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Baby bird thrush


Sean's Blog

Our new garden


10th December 2012

Last Updated: 20th December 2022

I’ve recently moved house and its really interesting to be making friends with new birds. You just get used to the birds who regularly visit your garden and more importantly, they get used to you. Now I’m not being completely silly, I know we’re talking about many generations of birds over the years, but these are the children the parents introduced, and as such each generation gets more familiar and approachable.  

It is lovely to look out and see different species landing and feeding in the new garden, birds I never saw in the old one and bear in mind, I’ve only moved a few hundred yards in the same village. The other interesting point, is we now live in a house with back to back gardens, so we join with half a dozen other gardens and I can watch and see which way the birds fly in and out and how some gardens seen to get bypassed completely.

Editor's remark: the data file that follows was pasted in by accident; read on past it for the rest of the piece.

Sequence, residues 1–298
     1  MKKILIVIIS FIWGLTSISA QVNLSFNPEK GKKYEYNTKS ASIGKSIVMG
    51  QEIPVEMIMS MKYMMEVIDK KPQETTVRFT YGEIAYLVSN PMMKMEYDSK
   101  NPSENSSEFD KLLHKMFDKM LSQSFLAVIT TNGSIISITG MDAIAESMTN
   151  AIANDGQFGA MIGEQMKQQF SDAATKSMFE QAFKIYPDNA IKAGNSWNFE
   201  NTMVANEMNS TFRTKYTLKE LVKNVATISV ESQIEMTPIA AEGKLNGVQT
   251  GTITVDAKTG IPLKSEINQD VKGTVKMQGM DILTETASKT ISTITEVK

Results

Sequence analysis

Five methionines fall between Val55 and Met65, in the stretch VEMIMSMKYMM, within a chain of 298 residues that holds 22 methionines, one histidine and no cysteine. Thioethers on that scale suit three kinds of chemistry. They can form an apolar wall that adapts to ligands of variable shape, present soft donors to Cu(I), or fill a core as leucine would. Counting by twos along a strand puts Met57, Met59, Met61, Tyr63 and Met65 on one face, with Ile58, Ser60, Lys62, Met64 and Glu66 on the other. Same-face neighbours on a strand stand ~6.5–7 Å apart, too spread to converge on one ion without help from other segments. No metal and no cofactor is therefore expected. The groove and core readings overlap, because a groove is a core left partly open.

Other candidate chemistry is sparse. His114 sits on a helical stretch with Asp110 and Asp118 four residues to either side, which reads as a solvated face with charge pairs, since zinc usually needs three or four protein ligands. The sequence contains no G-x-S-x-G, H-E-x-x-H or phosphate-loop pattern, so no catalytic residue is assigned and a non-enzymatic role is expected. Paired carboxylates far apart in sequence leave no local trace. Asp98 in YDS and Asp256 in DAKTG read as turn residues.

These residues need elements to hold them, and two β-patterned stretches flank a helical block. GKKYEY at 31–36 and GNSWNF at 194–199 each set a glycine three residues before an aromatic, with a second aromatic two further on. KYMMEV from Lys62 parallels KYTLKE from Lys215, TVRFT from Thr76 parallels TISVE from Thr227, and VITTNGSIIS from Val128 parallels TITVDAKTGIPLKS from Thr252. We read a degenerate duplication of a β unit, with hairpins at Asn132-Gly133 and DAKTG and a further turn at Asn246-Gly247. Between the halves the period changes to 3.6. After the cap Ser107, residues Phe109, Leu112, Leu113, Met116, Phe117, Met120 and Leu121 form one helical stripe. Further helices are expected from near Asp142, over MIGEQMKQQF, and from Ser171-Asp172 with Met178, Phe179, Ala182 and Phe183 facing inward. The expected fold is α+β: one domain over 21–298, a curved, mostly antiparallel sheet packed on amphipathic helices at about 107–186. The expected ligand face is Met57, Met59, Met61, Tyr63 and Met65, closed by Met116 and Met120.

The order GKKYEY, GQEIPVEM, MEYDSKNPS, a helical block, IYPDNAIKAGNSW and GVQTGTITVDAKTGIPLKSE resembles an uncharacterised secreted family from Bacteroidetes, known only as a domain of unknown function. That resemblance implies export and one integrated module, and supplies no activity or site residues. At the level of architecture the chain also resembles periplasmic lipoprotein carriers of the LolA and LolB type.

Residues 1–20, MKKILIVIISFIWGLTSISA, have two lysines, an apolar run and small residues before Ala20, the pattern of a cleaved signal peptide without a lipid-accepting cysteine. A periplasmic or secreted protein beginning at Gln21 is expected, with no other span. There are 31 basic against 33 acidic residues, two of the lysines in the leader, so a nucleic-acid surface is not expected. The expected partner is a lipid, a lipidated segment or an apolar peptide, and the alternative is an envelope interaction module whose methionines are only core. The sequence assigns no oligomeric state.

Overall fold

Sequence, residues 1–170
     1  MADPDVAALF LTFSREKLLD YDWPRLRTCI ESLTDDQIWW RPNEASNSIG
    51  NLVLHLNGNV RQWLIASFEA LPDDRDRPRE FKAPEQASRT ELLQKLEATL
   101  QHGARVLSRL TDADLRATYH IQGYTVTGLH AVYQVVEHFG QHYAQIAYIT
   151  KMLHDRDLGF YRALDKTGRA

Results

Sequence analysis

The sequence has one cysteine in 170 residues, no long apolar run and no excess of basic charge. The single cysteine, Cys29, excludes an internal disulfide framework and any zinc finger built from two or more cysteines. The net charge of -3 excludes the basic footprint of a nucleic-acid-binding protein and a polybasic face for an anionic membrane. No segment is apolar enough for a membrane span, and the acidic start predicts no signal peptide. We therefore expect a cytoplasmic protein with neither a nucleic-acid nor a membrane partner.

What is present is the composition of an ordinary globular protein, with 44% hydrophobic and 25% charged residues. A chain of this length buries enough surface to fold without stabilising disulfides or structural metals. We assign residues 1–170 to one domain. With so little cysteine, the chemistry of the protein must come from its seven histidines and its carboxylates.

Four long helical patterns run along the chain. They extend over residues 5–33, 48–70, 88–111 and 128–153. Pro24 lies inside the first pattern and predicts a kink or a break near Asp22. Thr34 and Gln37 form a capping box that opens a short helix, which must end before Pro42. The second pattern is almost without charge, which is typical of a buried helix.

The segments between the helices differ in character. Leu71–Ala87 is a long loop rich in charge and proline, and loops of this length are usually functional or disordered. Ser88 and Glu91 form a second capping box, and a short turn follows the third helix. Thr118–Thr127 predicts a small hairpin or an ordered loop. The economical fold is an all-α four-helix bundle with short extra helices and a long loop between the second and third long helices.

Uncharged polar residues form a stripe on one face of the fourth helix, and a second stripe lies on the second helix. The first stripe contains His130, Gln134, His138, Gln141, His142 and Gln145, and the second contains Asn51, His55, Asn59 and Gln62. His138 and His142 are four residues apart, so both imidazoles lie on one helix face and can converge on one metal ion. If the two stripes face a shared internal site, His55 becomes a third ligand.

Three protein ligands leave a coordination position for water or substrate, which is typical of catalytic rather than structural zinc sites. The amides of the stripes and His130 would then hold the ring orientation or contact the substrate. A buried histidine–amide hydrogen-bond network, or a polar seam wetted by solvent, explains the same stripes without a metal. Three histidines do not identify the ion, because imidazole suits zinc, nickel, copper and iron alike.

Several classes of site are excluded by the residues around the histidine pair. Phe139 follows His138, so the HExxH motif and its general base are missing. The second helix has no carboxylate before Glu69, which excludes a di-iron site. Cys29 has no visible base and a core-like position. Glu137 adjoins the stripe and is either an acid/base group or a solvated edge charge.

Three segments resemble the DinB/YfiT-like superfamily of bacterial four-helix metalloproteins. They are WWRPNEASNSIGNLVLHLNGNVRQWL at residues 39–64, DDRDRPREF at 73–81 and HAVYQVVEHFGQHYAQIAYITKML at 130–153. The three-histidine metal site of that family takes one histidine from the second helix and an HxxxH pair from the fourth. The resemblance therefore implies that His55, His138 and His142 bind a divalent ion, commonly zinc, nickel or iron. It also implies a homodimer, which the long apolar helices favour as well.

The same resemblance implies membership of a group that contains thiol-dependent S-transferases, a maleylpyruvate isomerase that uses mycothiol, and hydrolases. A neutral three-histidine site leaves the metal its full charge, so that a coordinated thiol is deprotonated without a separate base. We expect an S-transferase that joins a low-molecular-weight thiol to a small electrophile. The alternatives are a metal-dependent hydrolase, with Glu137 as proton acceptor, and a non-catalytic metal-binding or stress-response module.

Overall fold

With my knowledge of birds and the job I do, I’m in quite a unique position to do more for them and possibly improve my chances of attracting (and identifying) more species. However, simply putting food out will not change the birds inherited instincts and this is why I am now seeing new visitors. The old garden was planned and planted by me to be wildlife friendly, lots of perennial plants, fruiting shrubs and native trees (well one tree I’m making the garden sound rather more grand than the 20′ of space I called my own) but it was only planted 5 years ago and lacked maturity. The new garden on the other hand is very old and while it lacks many wildlife friendly features, it more than makes up for in being overgrown with dense foliage.

Birds in the wild all occupy their own little niches and this what allows for the vast diversity of species we enjoy in the UK. Some birds like open pasture, others dense woodland and although I have a particular interest in garden wildlife, never forgetting the birds of seashore and open oceans. Therefore, if my garden doesn’t suit a particular species of bird due to location or circumstance, it won’t matter how much ‘acme dodo food’ I put out, I’m just not going to attract one to my garden!

With my new garden now full of feeders, tables and a ground station I’m happily identifying visiting birds, new and old, and looking forward to meeting their young next spring and wondering if a finch, robin or blackbird will be the first to take a mealworm from my hand clearly signalling to me that this new garden is our home

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